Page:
It's a super cool story about a horse who became a hero during the Korean War.  Reckless was a true hero and received many awards for her bravery and loyalty.  Reckless didn't even resist when she was sold to the US Marines, by her owner, a young Korean boy, who used the money to buy a prosthetic leg for his sister.  Reckless was an amazing and brave horse and our hero!

You can go to to R.T.'s blog here: Straight From the Horses Heart


Sgt. Reckless – The Real War Horse

Posted: May 27, 2012 by R.T. Fitch in Horse News 
Information supplied by sgtreckless.com and realwarhorse.com
A Four-Legged American War Hero

Click Image to Visit the Sgt. Reckless Website
The story of Reckless is not only remarkable – it is unusual.  And once you learn about her, you will see why the Marine Corps not only fell in love with her – but honored her and promoted her every chance they got.  And it wasn’t just the Marines that served with her in the trenches that honored her – her last promotion to Staff Sergeant was by Gen. Randolph McC Pate – the Commandant of the entire Marine Corps.  You can’t get higher than that in the Marines.
Reckless joined the Marines to carry ammunition to the front lines for the 75mm Recoilless Rifle Platoon of the5th Marines – and she quickly earned the love and respect of all of the Marines that served with her.  Lt. Eric Pedersen paid $250 of his own money to a young Korean boy, Kim Huk Moon, for her.  The only reason Kim sold his beloved horse was so he could buy an artificial leg for his older sister, Chung Soon, who lost her leg in a land mine accident.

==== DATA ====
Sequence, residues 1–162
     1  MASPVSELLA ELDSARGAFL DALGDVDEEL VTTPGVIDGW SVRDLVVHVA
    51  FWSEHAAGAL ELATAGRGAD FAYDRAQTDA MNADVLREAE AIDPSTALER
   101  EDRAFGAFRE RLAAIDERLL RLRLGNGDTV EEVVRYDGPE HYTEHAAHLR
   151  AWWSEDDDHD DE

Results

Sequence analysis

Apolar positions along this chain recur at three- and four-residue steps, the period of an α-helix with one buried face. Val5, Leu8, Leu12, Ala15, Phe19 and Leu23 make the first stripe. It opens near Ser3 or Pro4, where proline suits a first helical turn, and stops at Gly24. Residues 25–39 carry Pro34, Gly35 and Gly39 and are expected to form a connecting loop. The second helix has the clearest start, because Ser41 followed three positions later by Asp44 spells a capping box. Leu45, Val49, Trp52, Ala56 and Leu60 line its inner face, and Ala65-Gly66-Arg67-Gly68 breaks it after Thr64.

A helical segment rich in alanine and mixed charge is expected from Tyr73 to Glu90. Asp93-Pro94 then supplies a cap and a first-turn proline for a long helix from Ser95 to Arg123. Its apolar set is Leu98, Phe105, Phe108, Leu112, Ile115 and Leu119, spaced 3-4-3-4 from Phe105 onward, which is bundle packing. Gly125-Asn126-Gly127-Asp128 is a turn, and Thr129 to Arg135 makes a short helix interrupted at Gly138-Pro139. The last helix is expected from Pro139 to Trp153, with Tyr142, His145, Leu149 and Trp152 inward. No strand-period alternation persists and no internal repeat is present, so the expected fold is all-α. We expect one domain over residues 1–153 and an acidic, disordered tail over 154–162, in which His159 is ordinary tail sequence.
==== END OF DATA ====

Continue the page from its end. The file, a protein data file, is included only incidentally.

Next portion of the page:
Kim’s loss was the Marines’ gain.
It was not only Reckless’ heroics that endeared the Marines to her – it was her incredible antics off of the battlefield.  You will not believe her antics when she was being ignored, or if she was hungry – let’s just say you never wanted to leave your food unattended.  As legendary as she was for her heroics – her appetite became even more legendary.  This horse had a mind of her own – not to mention, being very determined.
Reckless had a voracious appetite.  She would eat anything and everything – but especially scrambled eggs and pancakes in the morning with her morning cup of coffee.  She also loved cake, Hershey bars, candy from the C rations, and Coca Cola – even poker chips, blankets and hats when she was being ignored – or if she was trying to just prove a point.
One of Reckless’ finest hours came during the Battle of Outpost Vegas in March of 1953.  At the time of this battle it was written that, “The savagery of the battle for the so-called Nevada Complex has never been equaled in Marine Corps history.”  This particular battle “was to bring a cannonading and bombing seldom experienced in warfare … twenty-eight tons of bombs and hundreds of the largest shells turned the crest of Vegas into a smoking, death-pocked rubble.”  And Reckless was in the middle of all of it.